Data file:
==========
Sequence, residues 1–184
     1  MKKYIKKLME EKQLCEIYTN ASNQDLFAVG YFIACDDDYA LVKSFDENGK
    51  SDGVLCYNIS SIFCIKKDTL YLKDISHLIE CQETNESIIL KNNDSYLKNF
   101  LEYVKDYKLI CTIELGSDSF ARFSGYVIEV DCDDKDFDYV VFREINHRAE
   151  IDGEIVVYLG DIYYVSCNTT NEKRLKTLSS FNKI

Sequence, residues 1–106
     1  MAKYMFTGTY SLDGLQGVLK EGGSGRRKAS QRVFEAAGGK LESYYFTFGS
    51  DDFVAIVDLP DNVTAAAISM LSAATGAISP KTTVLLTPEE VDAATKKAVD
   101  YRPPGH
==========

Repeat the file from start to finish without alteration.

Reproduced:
Sequence, residues 1–184
     1  MKKYIKKLME EKQLCEIYTN ASNQDLFAVG YFIACDDDYA LVKSFDENGK
    51  SDGVLCYNIS SIFCIKKDTL YLKDISHLIE CQETNESIIL KNNDSYLKNF
   101  LEYVKDYKLI CTIELGSDSF ARFSGYVIEV DCDDKDFDYV VFREINHRAE
   151  IDGEIVVYLG DIYYVSCNTT NEKRLKTLSS FNKI

Sequence, residues 1–106
     1  MAKYMFTGTY SLDGLQGVLK EGGSGRRKAS QRVFEAAGGK LESYYFTFGS
    51  DDFVAIVDLP DNVTAAAISM LSAATGAISP KTTVLLTPEE VDAATKKAVD
   101  YRPPGH